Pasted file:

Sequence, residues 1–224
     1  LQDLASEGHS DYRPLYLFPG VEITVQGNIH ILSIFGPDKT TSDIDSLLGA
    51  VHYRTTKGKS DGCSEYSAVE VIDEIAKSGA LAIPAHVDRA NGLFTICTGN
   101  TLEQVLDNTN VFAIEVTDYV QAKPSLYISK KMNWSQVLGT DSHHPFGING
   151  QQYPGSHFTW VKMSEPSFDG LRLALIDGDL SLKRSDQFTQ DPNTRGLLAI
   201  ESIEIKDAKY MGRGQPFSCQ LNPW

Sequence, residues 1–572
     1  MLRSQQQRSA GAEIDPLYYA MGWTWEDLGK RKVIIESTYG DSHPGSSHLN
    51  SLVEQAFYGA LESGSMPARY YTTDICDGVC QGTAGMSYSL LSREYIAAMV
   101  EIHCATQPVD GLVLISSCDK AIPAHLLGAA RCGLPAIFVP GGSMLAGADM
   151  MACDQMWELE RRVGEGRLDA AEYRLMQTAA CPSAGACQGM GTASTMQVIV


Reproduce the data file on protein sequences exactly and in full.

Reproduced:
Sequence, residues 1–224
     1  LQDLASEGHS DYRPLYLFPG VEITVQGNIH ILSIFGPDKT TSDIDSLLGA
    51  VHYRTTKGKS DGCSEYSAVE VIDEIAKSGA LAIPAHVDRA NGLFTICTGN
   101  TLEQVLDNTN VFAIEVTDYV QAKPSLYISK KMNWSQVLGT DSHHPFGING
   151  QQYPGSHFTW VKMSEPSFDG LRLALIDGDL SLKRSDQFTQ DPNTRGLLAI
   201  ESIEIKDAKY MGRGQPFSCQ LNPW

Sequence, residues 1–572
     1  MLRSQQQRSA GAEIDPLYYA MGWTWEDLGK RKVIIESTYG DSHPGSSHLN
    51  SLVEQAFYGA LESGSMPARY YTTDICDGVC QGTAGMSYSL LSREYIAAMV
   101  EIHCATQPVD GLVLISSCDK AIPAHLLGAA RCGLPAIFVP GGSMLAGADM
   151  MACDQMWELE RRVGEGRLDA AEYRLMQTAA CPSAGACQGM GTASTMQVIV